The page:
Yorkshire Chess Association

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Year Book 2019-20 Contents

Thing of the Day

 

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Accuracy of club information &

Yearbook: further copies

Message from the President

Officers 2019-20

YCA Honorary Life Members

Annual Fees (as revised 2019)

County Match Fees (as revised 2019)

YCA League Fixtures 2019-2020

YCA League Match Venues

Match Correspondents ‑ Woodhouse Cup

Match Correspondents ‑ IM Brown

Match Correspondents ‑ Silver Rook

Secretaries of Competing Clubs

Junior Chess Contacts

Contact Details Index

Chess Clubs/Organisations in Yorkshire

ECF Aug 2019 Grading List Extract

Notes on Grading List Extract

List of Clubs in Yorkshire-based Leagues

League Tables & Match Results 2018-19

County Match Results 2018-2019

Correspondence Chess 2018-19

Yorkshire Junior Activity 2018-19

Recent Winners of YCA Events

YCA Constitution

YCA League Rules (as revised 2019)

Index to Rules

Individual Championship Rules

Event Calendar 2019-20

Yorkshire Individual Championship 2020

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< Thing of the Day Index

16/04/2020

Brilliancies Can Take Time

 

Eighty-four years ago the time limit in the Woodhouse Cup and I. M. Brown Shield competitions was 24 moves in the first hour, then a total of 48 by expiry of the second hour.  Scrapping the first time control did of course give rise to the more recent simple 48 moves in 2 hours, and then more recently 42 in 1hour an 45 minutes with a 15-minutes rapid-play finish; and now we have increments.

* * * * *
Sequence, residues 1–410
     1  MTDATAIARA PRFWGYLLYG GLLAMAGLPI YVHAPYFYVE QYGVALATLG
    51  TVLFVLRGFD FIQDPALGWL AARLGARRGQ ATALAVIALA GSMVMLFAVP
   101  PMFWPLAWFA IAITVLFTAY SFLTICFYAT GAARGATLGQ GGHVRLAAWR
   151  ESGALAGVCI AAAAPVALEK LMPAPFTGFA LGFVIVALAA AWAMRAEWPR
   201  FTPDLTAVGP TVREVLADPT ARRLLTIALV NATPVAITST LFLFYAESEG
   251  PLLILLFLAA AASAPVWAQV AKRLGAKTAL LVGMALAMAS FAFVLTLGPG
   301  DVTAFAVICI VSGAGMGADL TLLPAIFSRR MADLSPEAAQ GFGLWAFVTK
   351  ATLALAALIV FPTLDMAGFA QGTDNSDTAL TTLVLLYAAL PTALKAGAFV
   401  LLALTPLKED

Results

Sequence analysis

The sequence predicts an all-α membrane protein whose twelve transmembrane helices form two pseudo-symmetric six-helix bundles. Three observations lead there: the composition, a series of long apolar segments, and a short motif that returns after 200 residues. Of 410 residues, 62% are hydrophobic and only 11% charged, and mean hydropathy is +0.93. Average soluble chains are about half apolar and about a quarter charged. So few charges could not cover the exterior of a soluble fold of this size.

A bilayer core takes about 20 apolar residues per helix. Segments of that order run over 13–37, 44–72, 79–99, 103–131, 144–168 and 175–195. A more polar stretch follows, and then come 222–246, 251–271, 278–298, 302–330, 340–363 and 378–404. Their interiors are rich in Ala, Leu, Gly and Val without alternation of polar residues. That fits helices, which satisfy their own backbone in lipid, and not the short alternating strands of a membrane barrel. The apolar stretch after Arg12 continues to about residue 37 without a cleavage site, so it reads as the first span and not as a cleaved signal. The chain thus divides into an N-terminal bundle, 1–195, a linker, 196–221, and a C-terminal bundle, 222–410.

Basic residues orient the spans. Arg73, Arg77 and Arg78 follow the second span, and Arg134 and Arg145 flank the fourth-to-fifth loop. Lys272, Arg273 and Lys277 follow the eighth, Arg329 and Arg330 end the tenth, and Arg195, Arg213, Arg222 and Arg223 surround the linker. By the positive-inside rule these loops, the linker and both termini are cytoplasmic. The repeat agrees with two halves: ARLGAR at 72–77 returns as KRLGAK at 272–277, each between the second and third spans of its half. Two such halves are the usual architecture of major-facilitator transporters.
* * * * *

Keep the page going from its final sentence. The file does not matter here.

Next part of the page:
The following position arose after Black’s 18th move in the board-2 game of the Leeds II v Bradford II match in the I. M. Brown Shield played on 19/12/1936 between Francis Joseph Garrick (born 24/9/1903, Wigan; died 1974, Claro registration district) as White for Leeds, and W. Hewitt as Black for Bradford.  White had 2 minutes left for 6 moves, and due to the time pressure opted to take perpetual check with 19. Qh5+ Kg7 20. Qf7+ and so on, and the game was drawn.  (Match score Leeds II 5˝-2˝ Bradford II.)

 

 

One line which would have been good enough for White is 20. Ngxf7 (threatening 21. g5#) 20. … Rg8 (or 20. … Rxh7 21. Qxh7+ Kg5 22. f4#) 21. Nxg8+, and now 21. … Qxg8 22. g5+ or 21. … Nxg8 22. g5+, in either case winning the black queen.  However, White did in fact have forced mate in 4 moves.  Can you see it?

Click here to see how White can mate in 4.

(Use the browser “back” function to return to this page.)

 

In the following position White had enough time to find the mate in 5 and play it out, but that is because it was played in “a friendly game at a Sheffield chess resort” when presumably they were not playing with clock.

 

Click here to see how the game ended.

 

And if you thought terrifying juniors were merely a modern phenomenon, then look at the following end to a game played in about 1892 between 14-year-old George Cope Beach (late the Rev. ditto, born 1878, Cheadle, Staffs.; died ) and his father, George Beach (born 1852, Oldbury, Worcs; died 21/04/1961, Duston, Northants).

 

Click here to see how the 14-year-old finished off his father.

 

The Rev. G. C. Beach was the father of T. J. (“John”) Beach who older readers may remember as the organiser of the amazingly large and highly successful Liverpool Junior Congress.

 

(Click here for biographical data on the Beach family.)